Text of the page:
Saturday, February 2, 2013


So far we've examined Catcher, First base, Second base, Shortstop, Third base and Left Field and Center.  Now we look at Right Field. 

Right Field:

When the Yankees lost Nick Swisher to free agency not only did the team lose a fan favorite (well until the end anyways), but it lost a decent bat and outfielder.

In one of the few moves I have agreed with GM Brian Cashman on in recent years, the team re-signed veteran outfielder and certain Hall of Famer Ichiro Suzuki.

In 67 games with the “Bombers” last season, Suzuki hit .322 including a torrid .385 during the stretch drive of September. Once manager Joe Girardi started playing him every day, he caught fire – just when the team needed him the most. In addition to being a “professional hitter”, he is a smart base runner.  In 2012, Ichiro stole 29 bases in 36 attempts.

On the defensive side, Suzuki remains an elite outfielder with a cannon for an arm and the range to cover whatever field he is playing.

In spite of an advancing age (39), Ichiro has been a perfect fit for the team.

The key will be Girardi going against the book and realizing that Suzuki hits left handed pitchers just as well as he does right handers.  For the season, the outfielder hit .284 against lefties, and .283 against righties.  The man can just flat-out hit and doesn’t require a platoon partner.  If the Yankees manager can pull himself away from his statistical analysis of situational hitting for Suzuki, and allow him to be the full-time right fielder, the team can only benefit from his presence in the lineup and the field.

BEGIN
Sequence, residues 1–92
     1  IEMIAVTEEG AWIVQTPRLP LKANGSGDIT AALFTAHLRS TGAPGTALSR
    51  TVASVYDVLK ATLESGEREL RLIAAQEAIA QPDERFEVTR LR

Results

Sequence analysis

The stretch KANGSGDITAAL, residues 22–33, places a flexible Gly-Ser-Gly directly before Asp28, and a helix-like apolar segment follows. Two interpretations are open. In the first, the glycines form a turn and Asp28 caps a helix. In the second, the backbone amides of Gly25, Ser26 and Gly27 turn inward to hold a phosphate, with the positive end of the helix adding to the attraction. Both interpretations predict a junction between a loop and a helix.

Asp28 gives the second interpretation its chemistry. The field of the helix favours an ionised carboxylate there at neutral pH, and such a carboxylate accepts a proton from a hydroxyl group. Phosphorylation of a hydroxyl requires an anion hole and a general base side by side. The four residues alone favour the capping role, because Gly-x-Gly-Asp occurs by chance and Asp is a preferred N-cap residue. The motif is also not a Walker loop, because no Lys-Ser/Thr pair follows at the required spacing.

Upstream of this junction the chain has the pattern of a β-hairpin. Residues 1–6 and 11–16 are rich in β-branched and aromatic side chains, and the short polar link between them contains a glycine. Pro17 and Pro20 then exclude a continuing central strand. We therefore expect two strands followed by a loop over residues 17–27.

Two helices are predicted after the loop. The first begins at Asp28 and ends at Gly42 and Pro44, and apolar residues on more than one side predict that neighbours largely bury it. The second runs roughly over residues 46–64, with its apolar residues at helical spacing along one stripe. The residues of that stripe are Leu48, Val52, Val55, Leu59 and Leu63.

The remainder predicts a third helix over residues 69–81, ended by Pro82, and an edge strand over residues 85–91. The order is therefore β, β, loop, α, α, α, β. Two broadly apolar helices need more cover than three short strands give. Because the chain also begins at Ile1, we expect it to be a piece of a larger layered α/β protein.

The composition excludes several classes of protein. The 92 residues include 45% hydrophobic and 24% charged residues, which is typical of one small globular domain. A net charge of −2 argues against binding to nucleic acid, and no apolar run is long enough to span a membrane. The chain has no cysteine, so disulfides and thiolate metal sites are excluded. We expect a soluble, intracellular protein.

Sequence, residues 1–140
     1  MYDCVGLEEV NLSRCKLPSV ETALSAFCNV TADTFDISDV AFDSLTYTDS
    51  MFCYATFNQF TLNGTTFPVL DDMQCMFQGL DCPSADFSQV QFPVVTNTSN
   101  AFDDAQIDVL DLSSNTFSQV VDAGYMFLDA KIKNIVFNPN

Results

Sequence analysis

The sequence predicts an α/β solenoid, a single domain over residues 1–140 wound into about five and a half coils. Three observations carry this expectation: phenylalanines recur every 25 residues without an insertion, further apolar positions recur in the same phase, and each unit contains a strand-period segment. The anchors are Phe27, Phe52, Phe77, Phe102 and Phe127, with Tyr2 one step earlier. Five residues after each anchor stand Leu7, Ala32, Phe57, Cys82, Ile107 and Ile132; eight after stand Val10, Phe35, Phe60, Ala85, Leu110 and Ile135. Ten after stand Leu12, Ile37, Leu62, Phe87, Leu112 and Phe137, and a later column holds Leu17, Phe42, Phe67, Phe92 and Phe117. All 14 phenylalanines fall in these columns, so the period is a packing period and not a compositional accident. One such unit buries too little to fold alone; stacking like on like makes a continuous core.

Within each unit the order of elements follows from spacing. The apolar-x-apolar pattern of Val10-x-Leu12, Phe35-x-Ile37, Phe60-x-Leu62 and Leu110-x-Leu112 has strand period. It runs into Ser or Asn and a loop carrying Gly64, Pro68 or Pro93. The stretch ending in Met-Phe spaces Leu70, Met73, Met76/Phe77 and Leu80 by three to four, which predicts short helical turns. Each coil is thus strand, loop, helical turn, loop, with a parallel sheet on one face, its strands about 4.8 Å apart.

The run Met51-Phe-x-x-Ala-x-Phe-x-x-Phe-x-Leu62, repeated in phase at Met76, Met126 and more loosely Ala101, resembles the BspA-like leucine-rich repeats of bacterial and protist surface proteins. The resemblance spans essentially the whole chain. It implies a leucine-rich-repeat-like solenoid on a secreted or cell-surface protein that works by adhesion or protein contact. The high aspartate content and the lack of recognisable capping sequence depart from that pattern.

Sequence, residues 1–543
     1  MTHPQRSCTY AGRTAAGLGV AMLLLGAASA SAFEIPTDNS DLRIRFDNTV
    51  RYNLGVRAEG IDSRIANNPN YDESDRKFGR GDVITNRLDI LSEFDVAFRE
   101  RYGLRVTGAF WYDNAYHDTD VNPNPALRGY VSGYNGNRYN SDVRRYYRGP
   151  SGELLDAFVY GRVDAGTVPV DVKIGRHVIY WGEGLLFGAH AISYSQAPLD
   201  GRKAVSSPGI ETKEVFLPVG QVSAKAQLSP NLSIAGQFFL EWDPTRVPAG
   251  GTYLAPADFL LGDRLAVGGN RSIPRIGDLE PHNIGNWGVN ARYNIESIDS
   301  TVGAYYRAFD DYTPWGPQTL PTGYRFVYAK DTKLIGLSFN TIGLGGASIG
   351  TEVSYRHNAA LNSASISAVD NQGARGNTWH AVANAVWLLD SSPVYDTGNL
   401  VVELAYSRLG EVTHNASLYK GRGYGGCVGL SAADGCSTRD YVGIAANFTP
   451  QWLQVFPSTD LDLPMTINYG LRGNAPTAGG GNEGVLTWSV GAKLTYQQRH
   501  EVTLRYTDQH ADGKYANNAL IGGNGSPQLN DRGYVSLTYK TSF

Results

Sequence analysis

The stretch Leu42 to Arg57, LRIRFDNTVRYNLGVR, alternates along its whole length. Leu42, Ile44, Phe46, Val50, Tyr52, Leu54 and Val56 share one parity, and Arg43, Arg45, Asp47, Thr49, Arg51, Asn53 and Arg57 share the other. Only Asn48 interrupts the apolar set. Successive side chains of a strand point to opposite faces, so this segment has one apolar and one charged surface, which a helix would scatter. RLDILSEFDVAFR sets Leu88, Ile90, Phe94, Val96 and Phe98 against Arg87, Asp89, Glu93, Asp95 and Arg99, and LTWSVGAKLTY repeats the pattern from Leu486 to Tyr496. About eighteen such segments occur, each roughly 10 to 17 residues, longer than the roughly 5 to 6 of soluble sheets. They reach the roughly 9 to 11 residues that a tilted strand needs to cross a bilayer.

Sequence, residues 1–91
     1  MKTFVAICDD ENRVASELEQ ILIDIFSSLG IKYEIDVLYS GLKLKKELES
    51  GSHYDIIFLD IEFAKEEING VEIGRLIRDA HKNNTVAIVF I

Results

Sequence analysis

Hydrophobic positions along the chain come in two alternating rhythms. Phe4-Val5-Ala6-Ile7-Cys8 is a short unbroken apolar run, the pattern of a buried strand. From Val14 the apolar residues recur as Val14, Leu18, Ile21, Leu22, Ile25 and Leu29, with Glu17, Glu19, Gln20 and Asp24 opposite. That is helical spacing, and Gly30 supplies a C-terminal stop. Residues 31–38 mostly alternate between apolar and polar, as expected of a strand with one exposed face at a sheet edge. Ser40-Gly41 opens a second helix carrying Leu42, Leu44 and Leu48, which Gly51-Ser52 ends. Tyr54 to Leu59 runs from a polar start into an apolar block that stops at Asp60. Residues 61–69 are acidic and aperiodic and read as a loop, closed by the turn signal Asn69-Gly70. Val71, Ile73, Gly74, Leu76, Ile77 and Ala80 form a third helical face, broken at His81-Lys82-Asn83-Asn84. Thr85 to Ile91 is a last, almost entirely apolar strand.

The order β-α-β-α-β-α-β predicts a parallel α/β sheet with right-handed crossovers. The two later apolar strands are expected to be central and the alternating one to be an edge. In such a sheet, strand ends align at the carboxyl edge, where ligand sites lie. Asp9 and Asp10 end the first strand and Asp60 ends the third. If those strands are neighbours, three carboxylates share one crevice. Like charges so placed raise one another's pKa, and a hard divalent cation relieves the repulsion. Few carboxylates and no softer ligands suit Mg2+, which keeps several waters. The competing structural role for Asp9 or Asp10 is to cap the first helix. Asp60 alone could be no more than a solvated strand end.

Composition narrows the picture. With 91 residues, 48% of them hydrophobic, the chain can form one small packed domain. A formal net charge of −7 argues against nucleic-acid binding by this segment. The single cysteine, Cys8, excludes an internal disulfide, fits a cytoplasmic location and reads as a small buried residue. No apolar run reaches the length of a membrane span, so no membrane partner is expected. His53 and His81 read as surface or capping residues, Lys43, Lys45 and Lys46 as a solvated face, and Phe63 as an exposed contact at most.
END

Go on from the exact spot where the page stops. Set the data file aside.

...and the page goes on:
Here is how the rest of the division will man right field:

Toronto Blue Jays: Jose Bautista missed 70 games last season for the Blue Jays yet still hit 27 HR.  After undergoing surgery on his wrist in September, he declared himself 100% after an aggressive off season rehab program.  With that being the case, he is the heart of the Toronto lineup.  In the two seasons prior to 2012 Bautista hit 97 HR and drove in 227 while carrying a solid .281 batting average.  He is an average outfielder but his presence in the everyday lineup is essential for the Blue Jays to contend.

Baltimore Orioles: In spite of an injury shortened 2012 season, Nick Markakis managed to put up a solid season at the plate, hitting .298 with an .834 OPS.  He is an above-average fielder (.992 fielding pct) and a career .295 hitter.  Like Bautista of Toronto, the much of the Orioles success will hinge upon Markakis name being on the lineup card every day.

Tampa Bay Rays: Matt Joyce gives the Rays decent power and average fielding  (.982 fielding pct) in the lineup.  Last season he hit .241 with 17 HR in 124 games.

Boston Red Sox:  The Red Sox will open the season with a new right fielder in 2013.  Shane Victorino, who played for the Dodgers and Phillies in 2012 was signed to a 3-year $39 million contract this off season.  Victorino brings with him a spirited, heart-filled style of play and is an above average outfielder.  At the plate he is a career .275 hitter - with good speed on the base paths (he stole 39 bases last season).  Is he worth the contract that Boston gave him?  Probably not, but he still will give them solid play.

Here is how we rank the right fielders of the AL East:

Toronto – A healthy Jose Bautista is tough to beat.   His power is unmatched.

New York – Ichiro will be steady in the field and at the plate giving the Yankees at least one player they can depend on – as long as Manager Joe Girardi allows it.

Baltimore – A full season from Nick Markakis will provide the O’s with one of the best right fielders in the game.

Boston – Shane Victorino will win Red Sox fans over with his play.

Tampa Bay – Matt Joyce gives them another power threat but needs to bump up his average to avoid a platoon situation (he hit just .209 against southpaws).

Let us know what you think! 

--Steve Skinner, BYB Guest Writer
Twitter: @oswegos1

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